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Saturday, Aug. 27, 2016

Oldest rivalry needs a kick in the pants

Friday, September 13, 2002

Most high school football fans in the state of Missouri are aware of the Sikeston-Charleston rivalry.

In many circles, it has long been considered the oldest rivalry west of the Mississippi River. There are other schools, like Kirkwood and Webster Groves, that claim to have the oldest.

But most people you talk to recognize Sikeston and Charleston as the longest ongoing series. The two have met 116 times for nearly 100 years. It's unclear when the first game was actually played. I've seen accounts that have said the mid-1900s to 1910.

It has been a storied series between the two schools long before its current players, or even coaches, were born.

But is it the best?

The series, which has been controlled by Sikeston since the outset, is getting even more one-sided with each passing year.

Sikeston owns an 81-31-4 advantage in the series. But even more importantly, Sikeston has won 11 of the last 12 meetings and they don't appear to be slowing down any.

Under head coach Charlie Vickery, the Bulldogs have won 20 of the 24 meetings.

Charleston's last win came in 1996. Before that, it was 1989.

Many of the games have been close, but since '98, the Bulldogs have won by an average score of 36-17.

Sikeston is favored once again in this year's matchup.

Charleston head coach Brent Anderson thinks the rivalry has lost some of its luster over the years, saying the long history is the one thing keeping it alive.

"The bottom line is, it's hard for it to be a great rivalry unless you go back and forth a little bit," said Anderson. "The thing that keeps this rivalry so good is the fact that it's gone on for so long. These are bordering towns, there's a lot of competition, and it's a good old rivalry, but they have basically dominated for the last 15 years."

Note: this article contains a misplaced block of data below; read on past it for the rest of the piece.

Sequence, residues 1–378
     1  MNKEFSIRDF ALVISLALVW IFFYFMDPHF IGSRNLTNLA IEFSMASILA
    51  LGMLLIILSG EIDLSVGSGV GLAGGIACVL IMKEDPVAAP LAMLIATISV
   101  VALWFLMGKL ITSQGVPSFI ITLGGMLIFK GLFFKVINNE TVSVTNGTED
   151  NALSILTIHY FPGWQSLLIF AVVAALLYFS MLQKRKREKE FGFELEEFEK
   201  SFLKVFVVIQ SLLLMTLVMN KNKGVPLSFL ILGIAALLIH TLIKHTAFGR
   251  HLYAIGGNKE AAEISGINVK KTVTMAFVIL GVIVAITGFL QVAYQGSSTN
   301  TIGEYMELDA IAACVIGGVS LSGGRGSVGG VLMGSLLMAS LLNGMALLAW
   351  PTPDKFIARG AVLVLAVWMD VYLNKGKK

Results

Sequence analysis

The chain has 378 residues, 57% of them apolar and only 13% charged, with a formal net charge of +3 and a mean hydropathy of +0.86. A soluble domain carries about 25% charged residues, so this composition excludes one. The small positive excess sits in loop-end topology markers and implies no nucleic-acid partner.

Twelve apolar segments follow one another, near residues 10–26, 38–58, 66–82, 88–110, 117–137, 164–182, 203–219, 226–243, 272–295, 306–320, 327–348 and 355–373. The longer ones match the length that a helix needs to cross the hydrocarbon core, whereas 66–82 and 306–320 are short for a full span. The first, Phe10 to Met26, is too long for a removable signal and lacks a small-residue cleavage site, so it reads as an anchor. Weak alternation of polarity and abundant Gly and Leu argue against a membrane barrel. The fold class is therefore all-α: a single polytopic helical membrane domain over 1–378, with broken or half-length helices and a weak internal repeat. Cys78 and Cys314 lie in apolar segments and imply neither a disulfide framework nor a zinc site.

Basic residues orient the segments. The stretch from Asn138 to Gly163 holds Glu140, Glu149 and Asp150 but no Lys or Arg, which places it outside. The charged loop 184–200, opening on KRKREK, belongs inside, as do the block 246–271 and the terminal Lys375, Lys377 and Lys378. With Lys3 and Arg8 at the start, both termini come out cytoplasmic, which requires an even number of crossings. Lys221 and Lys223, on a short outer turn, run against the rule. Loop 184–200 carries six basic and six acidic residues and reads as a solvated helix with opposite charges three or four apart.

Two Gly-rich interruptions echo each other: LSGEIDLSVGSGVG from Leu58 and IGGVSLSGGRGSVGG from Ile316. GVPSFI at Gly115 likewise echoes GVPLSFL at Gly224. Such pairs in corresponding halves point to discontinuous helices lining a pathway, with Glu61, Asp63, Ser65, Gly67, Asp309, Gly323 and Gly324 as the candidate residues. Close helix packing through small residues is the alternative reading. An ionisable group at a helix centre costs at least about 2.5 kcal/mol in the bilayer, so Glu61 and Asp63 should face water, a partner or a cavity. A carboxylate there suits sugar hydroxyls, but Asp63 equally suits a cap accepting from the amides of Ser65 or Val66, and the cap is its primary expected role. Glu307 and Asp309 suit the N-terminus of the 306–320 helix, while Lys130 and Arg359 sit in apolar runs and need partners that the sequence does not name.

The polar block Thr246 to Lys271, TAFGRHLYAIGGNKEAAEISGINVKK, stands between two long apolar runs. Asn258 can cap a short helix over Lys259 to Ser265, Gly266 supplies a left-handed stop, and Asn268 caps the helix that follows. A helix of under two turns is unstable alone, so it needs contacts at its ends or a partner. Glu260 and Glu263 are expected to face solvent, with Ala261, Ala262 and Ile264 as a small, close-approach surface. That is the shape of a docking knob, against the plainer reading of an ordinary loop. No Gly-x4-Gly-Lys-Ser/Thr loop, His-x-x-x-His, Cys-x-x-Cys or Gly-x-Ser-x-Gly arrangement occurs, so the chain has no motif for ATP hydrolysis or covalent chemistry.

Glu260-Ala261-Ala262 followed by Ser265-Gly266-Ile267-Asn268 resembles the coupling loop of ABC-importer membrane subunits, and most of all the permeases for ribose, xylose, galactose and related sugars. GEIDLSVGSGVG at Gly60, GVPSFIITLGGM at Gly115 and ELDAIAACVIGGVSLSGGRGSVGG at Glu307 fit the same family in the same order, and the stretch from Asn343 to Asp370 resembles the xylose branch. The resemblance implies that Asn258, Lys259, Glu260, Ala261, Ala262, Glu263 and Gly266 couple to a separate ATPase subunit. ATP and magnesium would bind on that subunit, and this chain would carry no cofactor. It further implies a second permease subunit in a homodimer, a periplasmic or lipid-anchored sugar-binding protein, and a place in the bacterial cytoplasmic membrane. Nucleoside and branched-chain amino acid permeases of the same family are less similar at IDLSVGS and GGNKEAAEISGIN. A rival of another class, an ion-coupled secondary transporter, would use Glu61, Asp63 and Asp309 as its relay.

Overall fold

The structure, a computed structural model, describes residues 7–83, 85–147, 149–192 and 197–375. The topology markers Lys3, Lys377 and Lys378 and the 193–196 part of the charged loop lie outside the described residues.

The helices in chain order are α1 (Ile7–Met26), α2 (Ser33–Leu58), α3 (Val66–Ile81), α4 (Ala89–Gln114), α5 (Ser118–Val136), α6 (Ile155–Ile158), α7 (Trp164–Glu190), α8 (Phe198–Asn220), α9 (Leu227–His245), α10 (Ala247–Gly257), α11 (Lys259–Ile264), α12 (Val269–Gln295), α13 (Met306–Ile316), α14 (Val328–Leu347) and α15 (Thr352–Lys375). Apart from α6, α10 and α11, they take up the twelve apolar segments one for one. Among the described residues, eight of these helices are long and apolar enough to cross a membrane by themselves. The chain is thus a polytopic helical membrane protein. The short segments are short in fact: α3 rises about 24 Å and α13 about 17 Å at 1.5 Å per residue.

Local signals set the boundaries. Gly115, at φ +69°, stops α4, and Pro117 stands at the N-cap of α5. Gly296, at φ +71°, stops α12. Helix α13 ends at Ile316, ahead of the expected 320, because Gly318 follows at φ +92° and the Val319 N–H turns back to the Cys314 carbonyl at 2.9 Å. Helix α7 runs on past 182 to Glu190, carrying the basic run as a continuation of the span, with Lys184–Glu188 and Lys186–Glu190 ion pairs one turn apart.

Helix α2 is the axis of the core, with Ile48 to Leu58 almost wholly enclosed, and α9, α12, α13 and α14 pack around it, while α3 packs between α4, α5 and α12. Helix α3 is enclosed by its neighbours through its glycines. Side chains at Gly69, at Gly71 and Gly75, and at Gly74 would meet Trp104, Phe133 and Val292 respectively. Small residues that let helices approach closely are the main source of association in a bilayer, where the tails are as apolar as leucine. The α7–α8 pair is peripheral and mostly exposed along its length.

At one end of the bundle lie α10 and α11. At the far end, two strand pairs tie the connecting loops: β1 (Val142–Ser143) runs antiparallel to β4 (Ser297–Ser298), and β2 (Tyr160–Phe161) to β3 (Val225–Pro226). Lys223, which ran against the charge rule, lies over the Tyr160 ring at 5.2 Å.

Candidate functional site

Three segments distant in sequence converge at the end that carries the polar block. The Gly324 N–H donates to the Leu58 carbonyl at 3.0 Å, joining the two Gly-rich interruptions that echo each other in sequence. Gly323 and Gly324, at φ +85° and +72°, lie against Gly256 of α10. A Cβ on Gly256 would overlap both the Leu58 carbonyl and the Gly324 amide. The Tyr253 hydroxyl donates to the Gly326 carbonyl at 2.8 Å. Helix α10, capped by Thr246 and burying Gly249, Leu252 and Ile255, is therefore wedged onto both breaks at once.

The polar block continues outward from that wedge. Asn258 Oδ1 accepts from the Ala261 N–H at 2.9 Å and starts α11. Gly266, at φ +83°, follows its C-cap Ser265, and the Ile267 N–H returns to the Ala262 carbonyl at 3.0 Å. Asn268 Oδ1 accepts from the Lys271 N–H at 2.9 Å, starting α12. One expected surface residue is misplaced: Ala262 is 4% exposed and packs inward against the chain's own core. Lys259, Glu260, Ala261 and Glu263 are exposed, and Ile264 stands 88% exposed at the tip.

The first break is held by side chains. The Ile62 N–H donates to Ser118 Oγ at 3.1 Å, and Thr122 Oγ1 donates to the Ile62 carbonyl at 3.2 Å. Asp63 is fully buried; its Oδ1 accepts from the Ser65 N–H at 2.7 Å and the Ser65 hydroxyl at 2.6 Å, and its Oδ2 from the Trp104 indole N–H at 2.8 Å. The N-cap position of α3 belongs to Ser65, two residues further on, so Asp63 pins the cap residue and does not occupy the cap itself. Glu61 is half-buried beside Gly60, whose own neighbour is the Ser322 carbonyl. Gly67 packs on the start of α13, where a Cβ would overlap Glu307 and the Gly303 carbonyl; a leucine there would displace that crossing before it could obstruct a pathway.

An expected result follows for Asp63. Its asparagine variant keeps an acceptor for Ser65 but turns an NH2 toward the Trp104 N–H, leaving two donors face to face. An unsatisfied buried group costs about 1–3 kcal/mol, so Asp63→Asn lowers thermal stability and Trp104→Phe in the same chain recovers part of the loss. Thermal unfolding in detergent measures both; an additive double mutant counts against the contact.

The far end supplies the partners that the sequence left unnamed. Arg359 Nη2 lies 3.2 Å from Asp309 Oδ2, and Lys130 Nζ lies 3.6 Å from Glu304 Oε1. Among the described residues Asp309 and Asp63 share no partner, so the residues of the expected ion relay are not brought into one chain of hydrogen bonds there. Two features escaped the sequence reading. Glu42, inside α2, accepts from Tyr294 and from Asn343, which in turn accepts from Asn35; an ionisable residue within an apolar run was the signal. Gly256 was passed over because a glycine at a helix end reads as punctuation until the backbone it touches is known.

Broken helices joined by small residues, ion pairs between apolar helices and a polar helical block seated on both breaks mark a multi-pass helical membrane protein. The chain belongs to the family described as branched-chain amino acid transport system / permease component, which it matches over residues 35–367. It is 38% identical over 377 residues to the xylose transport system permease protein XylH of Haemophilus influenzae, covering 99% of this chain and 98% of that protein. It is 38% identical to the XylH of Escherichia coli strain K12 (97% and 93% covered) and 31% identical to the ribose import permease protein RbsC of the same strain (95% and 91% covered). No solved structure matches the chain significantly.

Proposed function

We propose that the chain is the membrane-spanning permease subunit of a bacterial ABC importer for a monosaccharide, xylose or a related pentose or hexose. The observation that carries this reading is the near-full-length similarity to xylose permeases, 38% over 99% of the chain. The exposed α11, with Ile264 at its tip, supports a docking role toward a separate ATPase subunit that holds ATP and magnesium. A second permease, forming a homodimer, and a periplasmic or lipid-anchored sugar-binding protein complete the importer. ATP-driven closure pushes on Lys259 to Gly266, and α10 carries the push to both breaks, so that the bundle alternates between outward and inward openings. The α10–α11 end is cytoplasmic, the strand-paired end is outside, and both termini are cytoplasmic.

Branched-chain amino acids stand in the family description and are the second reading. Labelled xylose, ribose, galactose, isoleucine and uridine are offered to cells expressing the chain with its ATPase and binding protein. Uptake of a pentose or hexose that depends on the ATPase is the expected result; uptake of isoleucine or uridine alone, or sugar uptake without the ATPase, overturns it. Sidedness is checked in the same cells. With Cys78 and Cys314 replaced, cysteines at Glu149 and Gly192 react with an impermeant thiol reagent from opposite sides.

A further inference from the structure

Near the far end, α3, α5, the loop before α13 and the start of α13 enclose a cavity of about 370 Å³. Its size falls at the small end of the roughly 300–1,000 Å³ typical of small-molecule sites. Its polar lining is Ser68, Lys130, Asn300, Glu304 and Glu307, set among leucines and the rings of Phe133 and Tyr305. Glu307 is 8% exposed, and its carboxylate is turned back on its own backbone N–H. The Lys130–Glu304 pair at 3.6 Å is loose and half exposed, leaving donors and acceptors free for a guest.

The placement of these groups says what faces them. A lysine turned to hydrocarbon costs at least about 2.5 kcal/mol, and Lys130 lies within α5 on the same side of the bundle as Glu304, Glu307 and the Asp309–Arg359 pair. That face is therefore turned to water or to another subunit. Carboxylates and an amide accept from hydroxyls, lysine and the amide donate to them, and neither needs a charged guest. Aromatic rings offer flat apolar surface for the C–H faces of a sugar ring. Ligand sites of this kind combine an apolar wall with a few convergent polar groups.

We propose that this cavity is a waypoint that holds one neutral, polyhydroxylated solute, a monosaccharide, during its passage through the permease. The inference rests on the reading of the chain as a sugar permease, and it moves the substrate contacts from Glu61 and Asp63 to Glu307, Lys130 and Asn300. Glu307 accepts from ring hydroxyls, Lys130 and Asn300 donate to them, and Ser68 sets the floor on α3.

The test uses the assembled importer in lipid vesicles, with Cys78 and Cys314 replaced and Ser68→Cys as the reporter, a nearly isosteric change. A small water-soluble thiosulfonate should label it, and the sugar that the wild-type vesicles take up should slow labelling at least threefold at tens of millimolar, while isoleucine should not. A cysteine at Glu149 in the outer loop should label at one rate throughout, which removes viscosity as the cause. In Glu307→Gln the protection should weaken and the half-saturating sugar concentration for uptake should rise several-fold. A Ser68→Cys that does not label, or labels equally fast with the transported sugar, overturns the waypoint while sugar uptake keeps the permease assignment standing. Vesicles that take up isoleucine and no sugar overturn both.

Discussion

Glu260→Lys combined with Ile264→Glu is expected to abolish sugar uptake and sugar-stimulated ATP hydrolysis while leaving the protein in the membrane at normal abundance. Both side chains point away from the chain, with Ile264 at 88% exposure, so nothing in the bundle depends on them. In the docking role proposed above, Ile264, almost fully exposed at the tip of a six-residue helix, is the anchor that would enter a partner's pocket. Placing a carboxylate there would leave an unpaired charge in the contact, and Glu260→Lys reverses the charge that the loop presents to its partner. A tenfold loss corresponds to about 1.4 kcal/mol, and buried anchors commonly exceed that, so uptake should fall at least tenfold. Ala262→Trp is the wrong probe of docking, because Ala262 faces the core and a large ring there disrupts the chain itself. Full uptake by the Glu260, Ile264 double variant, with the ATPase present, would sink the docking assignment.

But even with the one-sidedness of the series, the games bring out fans in droves every year. Both teams can count on the matchup to bring out one of the largest crowds of the year.

There are still plenty of cool quirks, like the running of the gameball between the two towns and the skydivers that parachute onto the field before the game. And both schools get to showcase each other's band every year, which is something you don't usually see at other high school games.

Perhaps some people come out to the stadium for the festivities surrounding the event.

But Vickery says that Sikeston has been on long winning streaks before, and the series survived those.

"I'll see people at the Sikeston-Charleston game that you won't see at any other game," said Vickery. "I still think it means a lot to both teams. Even when Sikeston was on long streaks, you can look back at the '50s and '60s and there was a tremendous amount of interest in the game. I still think there is. That's just the way we look at it."

True, Sikeston won 17 straight games from 1948 to 1964. The ecstatic Bluejay fans tore down the goalposts after winning in 1965.

Compared to that, Sikeston has won a measly five times in a row. So maybe things aren't as bad as they seem. Of course, things certainly aren't bad for Sikeston. But Anderson and the Bluejays would like to see their name on the winner's side for a change.

"It's an exciting game every year -- it's a good rivalry for both towns and both schools," said Anderson. "Obviously there's a lot of hype around it with it being one of the oldest games west of the Mississippi. But we're going to have to win one before too long."